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Re: Grid tie inverter voltages and batteries
« Reply #12 on: February 15, 2011, 06:49:38 am »
the inverter is plgugged into the wall like any other appliance, it will only output when it senses the grid connected for safety and because it has to mimic the grid signal anyhow. I think the pug in idea is to avoind problems with regs. in the UK you can do your own hotspurs but not your own wiring, but then in theory if you hostspure the whole house you can wire the whole lot yourself. Like i said I asked my electric board and they said it was ok providing the equipment met the current standards and I was not wiring it in myself.
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Uncle Vernon

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Re: Grid tie inverter voltages and batteries
« Reply #13 on: February 15, 2011, 07:06:51 am »
the inverter is plgugged into the wall like any other appliance, it will only output when it senses the grid connected for safety and because it has to mimic the grid signal anyhow.

That idea still terrifies me. It's not the first time electronics has false sensed a live mains plug would be result.

More important though is isolation and identification. A main switch is supposed to be just that.

I think the pug in idea is to avoind problems with regs. in the UK you can do your own hotspurs but not your own wiring, but then in theory if you hostspure the whole house you can wire the whole lot yourself. Like i said I asked my electric board and they said it was ok providing the equipment met the current standards and I was not wiring it in myself.

We have more than enough nanny state regulations here in AU to. I'm sure such an inverter could not receive C-tick certification for sale here.

We have had piggy back plugs outlawed because some moron lit himself up using one as a cord socket. But on this occasion I'd have to agree the idea of any plug being a power source is an electrocution waiting to happen.
 

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Re: Grid tie inverter voltages and batteries
« Reply #14 on: February 15, 2011, 07:26:23 am »
Well in the name of safety I'll be playing skeptical like you and always disconnect the source before the mains plug. once I have it up and running I may well "wire it in", I could put an RCD in line with it, at any rate a double pole switch will be installed at some point.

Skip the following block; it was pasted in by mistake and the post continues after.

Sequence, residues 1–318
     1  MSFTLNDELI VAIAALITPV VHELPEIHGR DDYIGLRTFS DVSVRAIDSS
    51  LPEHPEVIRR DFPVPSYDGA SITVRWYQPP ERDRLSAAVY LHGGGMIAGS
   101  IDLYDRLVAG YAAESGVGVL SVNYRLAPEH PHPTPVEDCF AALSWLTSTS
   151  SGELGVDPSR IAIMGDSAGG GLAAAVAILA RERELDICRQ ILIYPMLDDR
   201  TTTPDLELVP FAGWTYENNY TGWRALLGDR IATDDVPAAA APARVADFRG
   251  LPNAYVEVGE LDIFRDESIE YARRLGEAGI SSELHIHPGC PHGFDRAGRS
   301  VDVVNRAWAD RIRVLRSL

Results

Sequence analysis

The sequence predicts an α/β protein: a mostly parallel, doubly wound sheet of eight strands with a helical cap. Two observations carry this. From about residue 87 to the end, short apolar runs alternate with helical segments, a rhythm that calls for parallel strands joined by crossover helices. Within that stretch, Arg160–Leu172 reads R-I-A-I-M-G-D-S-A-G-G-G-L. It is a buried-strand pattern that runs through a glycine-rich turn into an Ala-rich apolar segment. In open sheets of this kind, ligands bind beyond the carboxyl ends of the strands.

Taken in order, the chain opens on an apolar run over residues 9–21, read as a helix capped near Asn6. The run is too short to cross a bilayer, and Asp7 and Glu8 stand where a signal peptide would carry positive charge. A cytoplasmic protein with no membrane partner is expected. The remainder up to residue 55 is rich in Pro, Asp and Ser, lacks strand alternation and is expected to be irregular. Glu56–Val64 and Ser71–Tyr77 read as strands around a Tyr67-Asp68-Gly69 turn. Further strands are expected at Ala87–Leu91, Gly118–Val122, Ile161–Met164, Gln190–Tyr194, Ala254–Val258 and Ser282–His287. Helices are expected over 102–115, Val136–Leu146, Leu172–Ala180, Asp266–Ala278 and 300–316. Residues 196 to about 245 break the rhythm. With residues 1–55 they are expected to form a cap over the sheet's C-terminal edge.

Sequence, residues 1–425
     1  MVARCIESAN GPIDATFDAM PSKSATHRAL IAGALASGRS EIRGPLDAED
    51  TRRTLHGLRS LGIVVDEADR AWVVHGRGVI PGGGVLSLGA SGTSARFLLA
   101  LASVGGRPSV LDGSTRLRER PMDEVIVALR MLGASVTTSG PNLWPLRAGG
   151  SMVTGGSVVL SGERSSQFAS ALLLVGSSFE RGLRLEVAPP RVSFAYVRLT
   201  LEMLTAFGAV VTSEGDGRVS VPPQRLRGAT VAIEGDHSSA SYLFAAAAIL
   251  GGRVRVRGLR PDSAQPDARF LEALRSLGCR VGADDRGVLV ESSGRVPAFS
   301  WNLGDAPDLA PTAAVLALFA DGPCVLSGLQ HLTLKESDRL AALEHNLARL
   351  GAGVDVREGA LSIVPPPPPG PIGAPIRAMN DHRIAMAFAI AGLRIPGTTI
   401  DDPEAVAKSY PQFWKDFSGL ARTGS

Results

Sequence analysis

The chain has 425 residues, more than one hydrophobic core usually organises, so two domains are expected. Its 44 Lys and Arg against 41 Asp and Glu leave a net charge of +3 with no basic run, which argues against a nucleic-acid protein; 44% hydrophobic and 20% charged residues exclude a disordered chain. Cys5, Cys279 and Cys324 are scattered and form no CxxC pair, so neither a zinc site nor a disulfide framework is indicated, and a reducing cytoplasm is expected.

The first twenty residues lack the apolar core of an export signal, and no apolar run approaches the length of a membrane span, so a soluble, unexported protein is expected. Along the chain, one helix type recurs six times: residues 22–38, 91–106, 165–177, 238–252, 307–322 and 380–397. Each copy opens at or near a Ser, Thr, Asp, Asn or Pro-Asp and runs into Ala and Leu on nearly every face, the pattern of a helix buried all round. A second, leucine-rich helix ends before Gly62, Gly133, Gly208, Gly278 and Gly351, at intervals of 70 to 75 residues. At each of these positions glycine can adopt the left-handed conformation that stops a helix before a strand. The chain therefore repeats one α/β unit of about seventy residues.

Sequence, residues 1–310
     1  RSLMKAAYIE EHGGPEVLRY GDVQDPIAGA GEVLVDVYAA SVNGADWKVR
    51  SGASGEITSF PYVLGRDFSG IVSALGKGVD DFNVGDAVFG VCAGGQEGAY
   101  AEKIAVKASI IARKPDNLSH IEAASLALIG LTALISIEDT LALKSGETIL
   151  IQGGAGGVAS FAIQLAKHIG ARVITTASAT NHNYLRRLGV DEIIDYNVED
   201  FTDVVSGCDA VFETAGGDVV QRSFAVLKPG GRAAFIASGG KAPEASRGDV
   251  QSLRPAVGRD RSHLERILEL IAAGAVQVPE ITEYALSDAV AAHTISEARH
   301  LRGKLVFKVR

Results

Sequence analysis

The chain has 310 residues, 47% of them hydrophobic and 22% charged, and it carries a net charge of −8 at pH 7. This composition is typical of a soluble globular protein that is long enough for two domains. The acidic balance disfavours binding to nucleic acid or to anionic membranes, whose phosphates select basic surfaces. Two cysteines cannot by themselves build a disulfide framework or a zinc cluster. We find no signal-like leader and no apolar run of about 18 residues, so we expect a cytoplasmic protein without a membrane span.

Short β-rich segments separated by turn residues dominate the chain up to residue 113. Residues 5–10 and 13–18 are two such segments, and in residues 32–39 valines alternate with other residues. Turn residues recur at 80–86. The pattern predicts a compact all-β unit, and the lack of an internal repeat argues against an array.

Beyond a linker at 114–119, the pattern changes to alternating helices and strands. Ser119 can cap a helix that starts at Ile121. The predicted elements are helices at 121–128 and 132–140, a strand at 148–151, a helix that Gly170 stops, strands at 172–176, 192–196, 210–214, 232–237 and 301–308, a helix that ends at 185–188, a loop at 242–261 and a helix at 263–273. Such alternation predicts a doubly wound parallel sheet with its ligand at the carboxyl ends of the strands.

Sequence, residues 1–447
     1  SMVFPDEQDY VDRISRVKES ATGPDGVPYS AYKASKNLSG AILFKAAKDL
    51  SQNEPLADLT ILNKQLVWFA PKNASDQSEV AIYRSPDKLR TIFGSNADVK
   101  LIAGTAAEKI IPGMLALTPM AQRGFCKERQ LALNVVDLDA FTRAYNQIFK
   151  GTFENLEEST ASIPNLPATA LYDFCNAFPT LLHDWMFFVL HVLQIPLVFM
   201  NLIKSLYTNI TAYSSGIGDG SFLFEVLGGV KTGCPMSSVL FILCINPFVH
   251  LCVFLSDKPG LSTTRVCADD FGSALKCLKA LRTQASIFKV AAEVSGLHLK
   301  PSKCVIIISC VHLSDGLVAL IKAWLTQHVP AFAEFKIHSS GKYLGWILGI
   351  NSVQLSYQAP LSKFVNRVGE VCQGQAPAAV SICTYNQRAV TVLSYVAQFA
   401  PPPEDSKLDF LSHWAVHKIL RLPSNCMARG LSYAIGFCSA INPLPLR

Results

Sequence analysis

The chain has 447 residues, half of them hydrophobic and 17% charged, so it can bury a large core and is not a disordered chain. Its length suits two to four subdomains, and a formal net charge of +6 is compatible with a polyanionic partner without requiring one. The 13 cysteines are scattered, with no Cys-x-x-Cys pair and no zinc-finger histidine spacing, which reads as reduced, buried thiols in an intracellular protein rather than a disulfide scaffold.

As sockets in the UK have a swirch on them I won't have to unplug it to turn it off but just operate the socket switch, but ultimately a double pole switch is going in there
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Uncle Vernon

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Re: Grid tie inverter voltages and batteries
« Reply #15 on: February 15, 2011, 11:29:48 am »
Well in the name of safety I'll be playing skeptical like you and always disconnect the source before the mains plug. once I have it up and running I may well "wire it in", I could put an RCD in line with it, at any rate a double pole switch will be installed at some point.

As sockets in the UK have a swirch on them I won't have to unplug it to turn it off but just operate the socket switch, but ultimately a double pole switch is going in there

That's fair enough, I cannot see you having problems, I'm just amazed at the concept. Most of our electrical rules are BS ones with the BS rubbed out and AS written in in it's place. And the mandatory C-Tick to give the government another gouge. Mind you all the free trade concessions now have any old rubbish being accepted. We can no longer be trusted to wire and fit piggyback plugs correctly but we must accept Chinese product with green active wiring. Go figure.

We've got a couple of 2.5KW grid tie systems installed under contract at 60c/KW-hr they are on course for a four year payback. Now the tariff only offers 20c/KW-hr so the sums don't work for new systems. Government incompetence at is usual heights.
 

Offline Simon

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Re: Grid tie inverter voltages and batteries
« Reply #16 on: February 15, 2011, 12:39:41 pm »
To be honest I was amazed that the uk grid supplieris happy for me to just plug my own equipment in providing it's certified (yea I'm sure we all know what certified from china means), but apparantly it is fine